Rex and I took off for a 6 night stay in Barcelona - a city with art and architecture found in every art textbook. We visited the Basilica of the Sagrada Familia, Casa Batilo, Guell Park, Casa Mila (La Pedrera), Montjuic, the Gothic Quarter, and the Joan Miro Foundation. We wandered the city by bus, metro and on foot. We ate tapas, ham sliced from the bone, paella, pizza, escargot and seafood. We drank sangria, wine and beer. We dipped our toes in the Mediterranean. We had a great time!
We stayed at the Hostal Martina, a small lodging house with few amenities but a great location. It had some nice architectural features and a beautiful terrace. We were given a key to the building and a key to our room and had complete autonomy after an initial greeting with the hostess. I would recommend it if you don't mind some street noise and can get along without air conditioning. I think the best bet for your money though, is to rent an apartment outside the city center. Lodging is expensive and Barcelona regularly fills its hotels so there are very few deals.
The climate of Barcelona is comfortable year round, with some hot months in the summer. This means the residents of the city can ignore seasons and dress fashionably year round. We tried to blend, but there are certain wardrobe and bag choices that are indispensable for tourists. However, I was glad to find that my favorite casual designer, Desigual, is everywhere and on everyone in this trendy city. They weren't wearing the clothes with Keen sandals, but a girl has to do what a girl has to do.
Gaudi architecture is as amazing as my art history told me. Casa Batilo was a surprise hit. I remember far more coverage in school on Casa Mila than Casa Batilo. Casa Batilo's dragon scale theme won us over.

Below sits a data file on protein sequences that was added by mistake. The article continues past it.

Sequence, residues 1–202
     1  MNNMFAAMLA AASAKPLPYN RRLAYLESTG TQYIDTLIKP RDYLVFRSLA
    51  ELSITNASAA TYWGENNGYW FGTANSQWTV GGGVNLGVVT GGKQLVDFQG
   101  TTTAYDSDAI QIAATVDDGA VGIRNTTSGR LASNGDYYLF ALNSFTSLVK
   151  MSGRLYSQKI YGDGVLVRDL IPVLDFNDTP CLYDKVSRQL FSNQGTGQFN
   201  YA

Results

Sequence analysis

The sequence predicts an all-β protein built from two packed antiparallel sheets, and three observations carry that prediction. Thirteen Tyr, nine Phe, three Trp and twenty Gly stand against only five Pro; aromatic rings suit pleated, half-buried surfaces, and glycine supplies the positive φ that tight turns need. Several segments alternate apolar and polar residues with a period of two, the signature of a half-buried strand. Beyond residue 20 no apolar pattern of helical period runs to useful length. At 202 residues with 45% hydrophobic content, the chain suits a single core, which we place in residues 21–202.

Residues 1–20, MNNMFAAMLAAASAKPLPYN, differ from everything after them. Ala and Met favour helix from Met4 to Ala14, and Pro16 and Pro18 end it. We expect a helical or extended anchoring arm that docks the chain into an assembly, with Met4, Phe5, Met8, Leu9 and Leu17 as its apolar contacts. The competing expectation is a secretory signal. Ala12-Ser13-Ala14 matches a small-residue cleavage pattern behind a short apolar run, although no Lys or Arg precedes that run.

The Park Guell is quirky fun for exploring. And Sagrada Familia is breathtaking. We are planning to return in a few decades to see how the basilica is progressing. It is still under construction, but if you visited in the last few years you should go again. The interior of the basilica is currently scaffold-free. The design team is interpreting Gaudi's notes and adding in the stained glass and detail work on the pillars. It is stunning.
Sadly, no pictures allowed in the Joan Miró Foundation art building. Growing up, my mother had a Miró print called "Girl Sunbathing" or some such thing, which looked nothing like a girl sunbathing to my seven year old eyes, but that print constantly worked at my brain and helped me as an artist. I highly recommend buying a Miró print to expand your children's concept of representation in art.
Bottom Line: Barcelona was a fun and easy destination for explorers and art lovers!